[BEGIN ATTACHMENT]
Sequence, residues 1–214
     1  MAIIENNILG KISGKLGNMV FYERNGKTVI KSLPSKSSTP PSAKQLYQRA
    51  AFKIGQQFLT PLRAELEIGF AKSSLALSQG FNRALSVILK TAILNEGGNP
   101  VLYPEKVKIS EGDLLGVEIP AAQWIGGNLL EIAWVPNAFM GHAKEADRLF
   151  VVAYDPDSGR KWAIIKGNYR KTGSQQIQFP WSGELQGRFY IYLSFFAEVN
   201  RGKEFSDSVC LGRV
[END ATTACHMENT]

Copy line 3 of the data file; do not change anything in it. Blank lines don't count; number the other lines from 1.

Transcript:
    51  AFKIGQQFLT PLRAELEIGF AKSSLALSQG FNRALSVILK TAILNEGGNP